The Case for Assessing School Climate and Social-Emotional Competence

In a prior blog post—Social and Emotional Competence and the Conditions for Learning—I discussed a tension between those who advocate assessing school climate exclusively and those who advocate assessing student social and emotional competence. I made the case that zero-sum thinking about whether to assess school climate or social and emotional competence is misguided. I argued that in the best of all worlds, educators would assess both climate and competence and use what they learn to guide actions to create positive conditions for learning and data-informed social and emotional competence instruction.

By the way, colleagues at American Institutes for Research (AIR) wrote a terrific brief on the topic: School Climate and Social and Emotional Learning: The Integration of Two Approaches.

Combining School Climate and Social-Emotional Competence Assessment

My thinking about this issue has evolved. When we first got started, our team focused exclusively on developing evidence-based social and emotional competence assessments. Why did we start there? In the same way that a reading assessment can help guide reading instruction, we felt that social and emotional assessment should directly measure competence to guide effective social and emotional learning (SEL) instruction, and existing assessments were unable to do that.

But in our conversations with colleagues, we came to understand that many in the field were calling for a focus on the conditions of learning, or school climate. And we agree that the conditions for learning are important, and that school climate is important to assess. But we did not abandon competence assessment. Instead, we decided to incorporate climate measures into our assessment offerings so that our education partners have the information they need to guide SEL skill instruction and create positive learning conditions.

The Evidence Supports Assessing Climate and Social-Emotional Competence

We turned to data to decide how best to assess school climate, starting with the existing research. We reasoned that it makes the most sense to measure climate and competence together if they are related—if, say, a positive climate supports the development of competencies.

We found that the research literature indicated that conditions for learning, such as students’ perceptions of safety, sense of belonging, and instructional support, are associated with social, emotional, and behavioral outcomes. So far, so good.

But what about the relationship between school climate and social and emotional competencies? Is climate associated with how well students solve social problems, manage their emotions, and understand others’ thoughts and feelings?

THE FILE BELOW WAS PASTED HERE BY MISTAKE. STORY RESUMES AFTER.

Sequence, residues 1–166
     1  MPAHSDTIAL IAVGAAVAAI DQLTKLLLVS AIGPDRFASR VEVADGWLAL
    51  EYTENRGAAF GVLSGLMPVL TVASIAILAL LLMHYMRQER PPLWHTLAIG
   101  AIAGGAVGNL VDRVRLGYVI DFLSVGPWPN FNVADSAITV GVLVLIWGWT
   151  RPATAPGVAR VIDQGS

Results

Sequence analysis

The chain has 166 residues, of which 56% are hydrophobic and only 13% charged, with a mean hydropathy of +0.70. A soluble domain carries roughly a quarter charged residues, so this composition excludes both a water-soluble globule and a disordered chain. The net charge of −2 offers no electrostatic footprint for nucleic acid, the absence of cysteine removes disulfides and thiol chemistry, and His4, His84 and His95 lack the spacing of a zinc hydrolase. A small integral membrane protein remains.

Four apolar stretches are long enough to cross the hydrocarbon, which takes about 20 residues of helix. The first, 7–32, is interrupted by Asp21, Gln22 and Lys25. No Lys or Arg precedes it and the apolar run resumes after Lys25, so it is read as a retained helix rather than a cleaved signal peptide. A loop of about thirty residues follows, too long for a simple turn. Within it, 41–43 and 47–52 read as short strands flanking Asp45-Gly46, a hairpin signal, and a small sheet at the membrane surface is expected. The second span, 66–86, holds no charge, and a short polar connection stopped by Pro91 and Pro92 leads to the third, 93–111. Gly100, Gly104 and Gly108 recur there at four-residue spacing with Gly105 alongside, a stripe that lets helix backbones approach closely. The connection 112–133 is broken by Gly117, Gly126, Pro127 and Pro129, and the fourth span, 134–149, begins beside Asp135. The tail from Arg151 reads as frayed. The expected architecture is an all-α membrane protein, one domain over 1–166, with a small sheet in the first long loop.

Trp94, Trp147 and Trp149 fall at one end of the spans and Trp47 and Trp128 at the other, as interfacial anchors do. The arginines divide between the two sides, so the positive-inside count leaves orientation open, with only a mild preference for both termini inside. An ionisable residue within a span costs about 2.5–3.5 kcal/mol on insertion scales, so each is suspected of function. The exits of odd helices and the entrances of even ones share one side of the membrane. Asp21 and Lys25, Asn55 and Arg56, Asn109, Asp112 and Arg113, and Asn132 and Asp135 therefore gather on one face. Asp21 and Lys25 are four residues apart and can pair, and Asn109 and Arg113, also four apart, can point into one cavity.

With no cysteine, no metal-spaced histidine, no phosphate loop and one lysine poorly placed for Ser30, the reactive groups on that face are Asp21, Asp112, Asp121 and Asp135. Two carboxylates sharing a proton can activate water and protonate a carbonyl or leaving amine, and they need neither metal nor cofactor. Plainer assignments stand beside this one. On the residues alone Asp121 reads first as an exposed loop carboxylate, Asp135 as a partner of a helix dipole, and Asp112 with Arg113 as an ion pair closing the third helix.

A 2023 meta-analysis of universal school-based SEL interventions found that SEL interventions had a significant effect on school climate and safety. In addition, we analyzed data from more than 1,600 students in kindergarten through sixth grade who completed our SEL competence assessment and brief climate survey. For both younger children (K to 3rd grade) and older children (4th to 6th grade), the more positively students rated school climate in the fall, the more students’ social-emotional competence grew from fall to spring. This is consistent with the conclusion that more positive climates produce more competent students. 

In short, evidence—from the literature and our own data—supports the complementarity of climate and social and emotional competence assessment.

A Simple Tool for Assessing School Climate and Social and Emotional Competence Together

With consistent evidence to support our position that social and emotional competence and climate assessments complement one another, we rolled out a brief climate survey during the 2020-2021 school year. This six-item survey includes key questions about students’ sense of safety, belonging, and instructional support. Schools and districts can co-administer this climate survey with our social-emotional competence assessment to save time for students and educators. Our goals were to make it easy for our district partners to:

  • Assess school climate and social and emotional competence together,
  • Obtain useful climate reports alongside social-emotional competence reports, and
  • Use these complementary kinds of data to create the most positive climate possible and teach the competencies that matter most.


We made it easy for our partners to get useful reports by integrating simple summary charts into our existing reporting platform. Our partners use this information to decide what the community of adults in each school can do to improve the climate.

We notice that our partners who assess both social and emotional competence and school climate engage in discussions about SEL that balance a focus on what skills to teach to whom with a focus on how to create the safest, most welcoming, and supportive learning environments they can. 

And that, in our view, is the best of all worlds.